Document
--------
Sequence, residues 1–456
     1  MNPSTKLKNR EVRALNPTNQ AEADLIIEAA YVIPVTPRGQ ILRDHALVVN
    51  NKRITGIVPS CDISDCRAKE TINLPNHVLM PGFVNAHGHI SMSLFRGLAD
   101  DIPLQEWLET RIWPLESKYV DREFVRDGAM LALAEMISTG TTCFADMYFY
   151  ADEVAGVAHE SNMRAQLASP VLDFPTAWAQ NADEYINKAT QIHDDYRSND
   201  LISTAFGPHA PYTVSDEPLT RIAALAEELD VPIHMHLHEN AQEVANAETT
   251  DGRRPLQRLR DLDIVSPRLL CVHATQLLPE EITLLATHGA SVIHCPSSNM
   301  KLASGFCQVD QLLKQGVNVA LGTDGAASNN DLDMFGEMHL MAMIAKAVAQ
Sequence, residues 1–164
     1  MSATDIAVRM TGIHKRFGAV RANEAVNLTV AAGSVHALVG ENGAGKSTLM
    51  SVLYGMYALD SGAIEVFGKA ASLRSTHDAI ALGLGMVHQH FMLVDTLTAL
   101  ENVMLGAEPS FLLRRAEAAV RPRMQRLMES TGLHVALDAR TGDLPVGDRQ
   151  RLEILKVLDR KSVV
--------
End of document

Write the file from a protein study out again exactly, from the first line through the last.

Sequence, residues 1–456
     1  MNPSTKLKNR EVRALNPTNQ AEADLIIEAA YVIPVTPRGQ ILRDHALVVN
    51  NKRITGIVPS CDISDCRAKE TINLPNHVLM PGFVNAHGHI SMSLFRGLAD
   101  DIPLQEWLET RIWPLESKYV DREFVRDGAM LALAEMISTG TTCFADMYFY
   151  ADEVAGVAHE SNMRAQLASP VLDFPTAWAQ NADEYINKAT QIHDDYRSND
   201  LISTAFGPHA PYTVSDEPLT RIAALAEELD VPIHMHLHEN AQEVANAETT
   251  DGRRPLQRLR DLDIVSPRLL CVHATQLLPE EITLLATHGA SVIHCPSSNM
   301  KLASGFCQVD QLLKQGVNVA LGTDGAASNN DLDMFGEMHL MAMIAKAVAQ
Sequence, residues 1–164
     1  MSATDIAVRM TGIHKRFGAV RANEAVNLTV AAGSVHALVG ENGAGKSTLM
    51  SVLYGMYALD SGAIEVFGKA ASLRSTHDAI ALGLGMVHQH FMLVDTLTAL
   101  ENVMLGAEPS FLLRRAEAAV RPRMQRLMES TGLHVALDAR TGDLPVGDRQ
   151  RLEILKVLDR KSVV